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Biographies T

 Following are some biographies of families who at one time or another lived in Henry Co. Illinois. In some cases it is the parents, spouse or child who was a Henry Co. resident so please read carefully!


Many years must needs elapse before Oxford Township will cease to feel the loss of John M. Taze, one of the most worthy, substantial and interesting of the men who have dwelt within her borders. He was born September 13, 1832, in Westmoreland County, Pennsylvania, his parents being Isaac and Margaret J. (Irvin) Taze. The father was born in the north of Ireland and the mother in New York City, but both the Taze and the Irvin families are of Scotch descent. The father died when John M. Taze was only twelve years of age, but the mother lived out a long life of usefulness until her eighty-fifth year. About ten years after the father's demise, the family went to Washington County, Iowa, and lived there for one year previous to coming to Illinois. They engaged in farming near Vermont, in McDonough County, this state. Mrs. Taze, after her husband's death, had upon her shoulders the sole responsibility of the raising of eight children. Jane became Mrs. John Jaynes, of Oxford Township, Henry County, both she and her husband now being dead. Margaret married Orson Patterson, of Oxford Township. William, also deceased, married before leaving Pennsylvania, but was a resident of Oxford Township at the time of his death. Martha, deceased, became Mrs. Alexander McCurdy, of Oxford Township. Ann is deceased. John M., the subject of the sketch, is next in order of birth. Elizabeth became Mrs. Festus Cole, whose husband survives her, and is now a resident of Oxford Township. The youngest, Irvin by name, died before the family left their home in Pennsylvania. The father had been only a renting farmer, a man of scant means, and he left the family destitute at his death. It was indeed quite frequently a matter of diligence on the part of everybody to keep the wolf from the door. Some of the children came west prospecting before the removal of the main part of the family, and several of them were married before coming to Illinois.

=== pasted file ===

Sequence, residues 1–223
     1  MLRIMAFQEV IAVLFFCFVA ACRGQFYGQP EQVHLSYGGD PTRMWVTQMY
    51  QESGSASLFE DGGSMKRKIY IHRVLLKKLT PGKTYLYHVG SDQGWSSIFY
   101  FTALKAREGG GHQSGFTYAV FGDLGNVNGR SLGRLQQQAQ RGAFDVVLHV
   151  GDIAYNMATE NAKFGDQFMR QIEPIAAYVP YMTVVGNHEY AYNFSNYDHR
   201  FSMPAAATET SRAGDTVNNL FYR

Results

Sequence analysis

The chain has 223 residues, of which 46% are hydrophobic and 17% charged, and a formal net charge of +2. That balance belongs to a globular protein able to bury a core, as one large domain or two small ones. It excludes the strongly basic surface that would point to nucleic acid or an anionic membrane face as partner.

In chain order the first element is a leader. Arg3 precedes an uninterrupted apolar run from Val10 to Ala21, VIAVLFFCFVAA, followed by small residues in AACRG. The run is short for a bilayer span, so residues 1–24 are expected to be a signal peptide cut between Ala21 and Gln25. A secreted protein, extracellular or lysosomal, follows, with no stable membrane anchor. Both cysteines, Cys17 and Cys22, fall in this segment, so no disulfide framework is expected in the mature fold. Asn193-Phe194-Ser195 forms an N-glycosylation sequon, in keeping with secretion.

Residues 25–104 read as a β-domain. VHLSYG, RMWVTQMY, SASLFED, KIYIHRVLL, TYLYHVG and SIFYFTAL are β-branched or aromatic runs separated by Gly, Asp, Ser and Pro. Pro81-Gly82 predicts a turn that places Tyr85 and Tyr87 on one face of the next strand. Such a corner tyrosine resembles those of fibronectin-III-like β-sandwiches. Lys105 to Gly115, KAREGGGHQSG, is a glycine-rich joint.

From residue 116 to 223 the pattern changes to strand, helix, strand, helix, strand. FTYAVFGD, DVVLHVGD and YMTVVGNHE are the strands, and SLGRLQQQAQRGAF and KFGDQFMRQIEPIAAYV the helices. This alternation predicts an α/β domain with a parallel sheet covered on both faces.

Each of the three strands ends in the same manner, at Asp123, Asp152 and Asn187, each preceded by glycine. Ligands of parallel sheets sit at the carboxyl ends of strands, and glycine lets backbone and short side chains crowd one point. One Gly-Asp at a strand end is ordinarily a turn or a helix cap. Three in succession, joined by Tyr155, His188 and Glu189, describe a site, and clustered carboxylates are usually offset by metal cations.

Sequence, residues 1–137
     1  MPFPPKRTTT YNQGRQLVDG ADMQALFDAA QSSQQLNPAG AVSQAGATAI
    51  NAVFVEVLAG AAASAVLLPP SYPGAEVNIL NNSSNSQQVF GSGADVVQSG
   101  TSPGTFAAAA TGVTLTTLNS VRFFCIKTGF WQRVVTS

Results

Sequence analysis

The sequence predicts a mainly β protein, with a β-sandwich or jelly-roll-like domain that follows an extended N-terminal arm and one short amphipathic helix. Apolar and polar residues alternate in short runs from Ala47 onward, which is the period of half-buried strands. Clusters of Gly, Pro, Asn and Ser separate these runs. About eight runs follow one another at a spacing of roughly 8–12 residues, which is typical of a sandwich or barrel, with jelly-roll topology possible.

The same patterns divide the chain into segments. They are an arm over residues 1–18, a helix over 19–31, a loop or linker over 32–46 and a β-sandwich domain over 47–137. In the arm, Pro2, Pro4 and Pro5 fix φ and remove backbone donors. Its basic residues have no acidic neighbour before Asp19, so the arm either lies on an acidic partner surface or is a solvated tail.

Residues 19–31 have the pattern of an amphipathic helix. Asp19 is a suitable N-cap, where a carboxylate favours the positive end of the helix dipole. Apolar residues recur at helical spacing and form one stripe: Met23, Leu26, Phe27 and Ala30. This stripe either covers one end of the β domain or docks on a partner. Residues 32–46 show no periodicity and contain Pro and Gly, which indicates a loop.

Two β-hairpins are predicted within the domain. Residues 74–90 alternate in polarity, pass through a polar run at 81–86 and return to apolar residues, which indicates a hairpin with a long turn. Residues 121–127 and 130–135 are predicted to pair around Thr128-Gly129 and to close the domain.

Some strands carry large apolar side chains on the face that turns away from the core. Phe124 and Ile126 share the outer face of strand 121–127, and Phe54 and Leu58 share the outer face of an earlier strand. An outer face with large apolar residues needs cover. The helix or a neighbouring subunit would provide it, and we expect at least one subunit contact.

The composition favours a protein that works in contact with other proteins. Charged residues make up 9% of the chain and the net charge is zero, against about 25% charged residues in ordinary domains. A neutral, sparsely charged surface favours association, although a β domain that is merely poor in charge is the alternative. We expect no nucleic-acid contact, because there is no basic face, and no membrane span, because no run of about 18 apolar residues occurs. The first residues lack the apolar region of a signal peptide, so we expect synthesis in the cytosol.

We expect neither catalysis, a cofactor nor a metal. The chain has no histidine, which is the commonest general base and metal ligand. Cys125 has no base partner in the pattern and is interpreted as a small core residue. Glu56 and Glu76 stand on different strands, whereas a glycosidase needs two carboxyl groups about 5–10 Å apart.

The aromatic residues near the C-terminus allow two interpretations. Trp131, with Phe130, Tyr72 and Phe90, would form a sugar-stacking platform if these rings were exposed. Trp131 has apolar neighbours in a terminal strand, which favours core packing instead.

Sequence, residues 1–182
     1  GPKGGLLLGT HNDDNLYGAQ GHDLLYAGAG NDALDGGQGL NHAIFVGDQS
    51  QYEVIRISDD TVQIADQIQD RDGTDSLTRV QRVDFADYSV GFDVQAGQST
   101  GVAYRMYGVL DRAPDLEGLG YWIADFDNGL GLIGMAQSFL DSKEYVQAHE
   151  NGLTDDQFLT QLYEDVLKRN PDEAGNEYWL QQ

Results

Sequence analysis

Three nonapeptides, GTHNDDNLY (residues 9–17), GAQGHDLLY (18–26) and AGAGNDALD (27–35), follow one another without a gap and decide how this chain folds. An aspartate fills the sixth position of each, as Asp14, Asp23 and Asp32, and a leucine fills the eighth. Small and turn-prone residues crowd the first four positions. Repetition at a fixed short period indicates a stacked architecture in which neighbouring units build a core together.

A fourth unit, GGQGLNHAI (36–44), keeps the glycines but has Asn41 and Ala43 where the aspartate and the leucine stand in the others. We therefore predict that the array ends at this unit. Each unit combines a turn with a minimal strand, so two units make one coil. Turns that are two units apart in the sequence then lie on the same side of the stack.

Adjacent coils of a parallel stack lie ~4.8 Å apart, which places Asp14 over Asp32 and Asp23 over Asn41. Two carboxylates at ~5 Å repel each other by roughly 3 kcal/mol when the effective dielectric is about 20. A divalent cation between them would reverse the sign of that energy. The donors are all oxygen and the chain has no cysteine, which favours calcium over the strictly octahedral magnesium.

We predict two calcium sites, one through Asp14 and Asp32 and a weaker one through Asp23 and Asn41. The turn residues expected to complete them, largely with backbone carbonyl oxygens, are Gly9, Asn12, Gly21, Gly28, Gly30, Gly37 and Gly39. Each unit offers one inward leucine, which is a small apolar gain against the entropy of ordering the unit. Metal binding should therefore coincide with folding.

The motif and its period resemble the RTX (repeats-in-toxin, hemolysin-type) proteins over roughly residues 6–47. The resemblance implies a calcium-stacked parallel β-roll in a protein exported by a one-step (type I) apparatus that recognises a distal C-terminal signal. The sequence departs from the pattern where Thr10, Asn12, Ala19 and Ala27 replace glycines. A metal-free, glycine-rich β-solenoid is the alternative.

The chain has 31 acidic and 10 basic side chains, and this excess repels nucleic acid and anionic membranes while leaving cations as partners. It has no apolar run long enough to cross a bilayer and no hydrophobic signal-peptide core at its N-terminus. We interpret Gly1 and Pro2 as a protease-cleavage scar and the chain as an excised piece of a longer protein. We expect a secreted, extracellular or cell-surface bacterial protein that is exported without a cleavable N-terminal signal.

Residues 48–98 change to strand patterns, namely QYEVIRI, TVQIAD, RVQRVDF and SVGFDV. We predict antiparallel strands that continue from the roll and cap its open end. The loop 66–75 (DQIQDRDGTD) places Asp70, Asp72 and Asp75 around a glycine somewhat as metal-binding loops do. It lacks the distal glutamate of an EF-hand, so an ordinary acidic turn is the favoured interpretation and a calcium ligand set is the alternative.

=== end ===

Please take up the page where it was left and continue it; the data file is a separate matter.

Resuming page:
John M. Taze preceded his mother to Illinois by a short time, coming in the Spring of 1854. He traveled by boat from Pittsburg down the Ohio River and up the Mississippi River to Cairo, Illinois, and later overland to Washington, Iowa, where several members of the family were already located. There he engaged in farming until 1861, when he went to the far west, traveling over Idaho, Montana and Utah, prospecting for gold. He worked both independently and for a company and had many rare experiences and suffered many hardships, all of which he accepted philosophically and thus gave to the making of a fine character. Among his adventures was his discovery, while prospecting with two companions, of a cave evidently never before entered in the memory of man, which upon exploration showed evidence of occupation by human beings of strange modes of living. He was successful in his mining ventures and remained in the west for five years before rejoining his mother and several other members of the family in Oxford Township, this county.